This year sees the ten-year anniversary of China’s 2001 re-entry to the World Trade Organisation.
Economically, as an article from this week’s Economist notes, China has done very well out of its WTO membership. Its economy has quadrupled, and its exports nearly quintupled.
Foreigners have prospered too. “American foreign direct investment reaps returns of 13.5% in China, compared with 9.7% worldwide, according to K.C. Fung of the University of California, Santa Cruz. China imposes lower tariffs on average than Brazil or India” notes the article.
The China Daily also praises the benefits of the country’s WTO membership for non-Chinese firms. “The huge capacity of the Chinese market and impeccable infrastructure, and stable and fair market environment have attracted more and more MNCs to invest in China. So far, over 480 companies of the Fortune Global 500 have their investment in China. Foreign investment grew 9.5 percent annually during the past 10 years.”
Yet it is not all good news. For the Chinese, there is lingering discontent at some of the economic changes that admission to the club has brought. State Owned Enterprises (SOEs) have been shaken up and millions of workers laid off. As most of these were in unproductive roles – a legacy of the communist “jobs for everyone” policy – their redistribution to the wealth-creating private sector is no bad thing – so long as they do not linger too long on the unemployed list.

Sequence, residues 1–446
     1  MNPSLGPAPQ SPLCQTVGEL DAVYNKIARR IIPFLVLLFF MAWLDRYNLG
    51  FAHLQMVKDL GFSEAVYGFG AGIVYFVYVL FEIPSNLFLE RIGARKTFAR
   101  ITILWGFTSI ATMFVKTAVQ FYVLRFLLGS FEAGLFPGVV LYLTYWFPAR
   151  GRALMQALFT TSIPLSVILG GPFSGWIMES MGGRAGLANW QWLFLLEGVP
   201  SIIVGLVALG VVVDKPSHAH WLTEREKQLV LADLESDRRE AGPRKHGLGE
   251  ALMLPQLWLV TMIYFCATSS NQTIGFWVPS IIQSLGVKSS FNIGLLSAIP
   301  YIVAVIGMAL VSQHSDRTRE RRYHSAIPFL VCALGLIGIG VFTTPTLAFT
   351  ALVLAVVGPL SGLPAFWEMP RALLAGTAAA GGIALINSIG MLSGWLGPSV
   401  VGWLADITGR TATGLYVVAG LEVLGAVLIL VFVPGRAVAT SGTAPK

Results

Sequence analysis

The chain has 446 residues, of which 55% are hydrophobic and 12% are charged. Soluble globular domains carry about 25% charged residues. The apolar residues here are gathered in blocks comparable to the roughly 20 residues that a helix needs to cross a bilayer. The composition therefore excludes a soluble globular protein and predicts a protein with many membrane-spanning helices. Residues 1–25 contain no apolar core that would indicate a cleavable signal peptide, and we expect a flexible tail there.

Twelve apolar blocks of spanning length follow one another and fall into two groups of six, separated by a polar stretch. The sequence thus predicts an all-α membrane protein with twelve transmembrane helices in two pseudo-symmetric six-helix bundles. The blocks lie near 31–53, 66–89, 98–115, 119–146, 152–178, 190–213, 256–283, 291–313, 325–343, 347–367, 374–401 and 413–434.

Foreigners have suffered too. China has become adept at sucking companies in, then squeezing them for their intellectual property and taxes, then spitting them out. The Economist gives the example of Mastercard, which issued China’s first ever payment card in 1986. Nowadays the Government has made sure that China UnionPay, a domestic competitor, has a de facto monopoly on local currency payments between merchants and banks – a $1.6 trillion market which Mastercard and other foreigners are realistically not allowed to compete in.
China is also becoming more adept at playing the WTO rules, and is more aggressive than it used to be in defending itself. Yet at the same time, it deems it fine to flout the rules when it wants. Long Yongtu, who helped China win admission to the WTO, recently said that China is now moving further away from the organisation’s principles. To modernise its economy, it has remained wedded to industrial policies, state-owned enterprises, and a “techno-nationalism” that protects and promotes home-grown technologies.
Yet overall, it would be foolish to deny that WTO admission has not been of benefit to the world. By integrating itself into the global economy, China has stimulated trade which in turn has brought broad economic and developmental advantages for itself and its trading partners.
It must be hoped though that Beijing will not take this for granted and bite the hand that feeds it. Many Western companies are becoming more and more disillusioned with the difficulty of doing business there, and if the WTO rules are bent or flouted even further, then investment – both in and out of the country – could be harmed. There are, after all, plenty of other WTO members in Asia to work with, and many of them are substantially cheaper than China.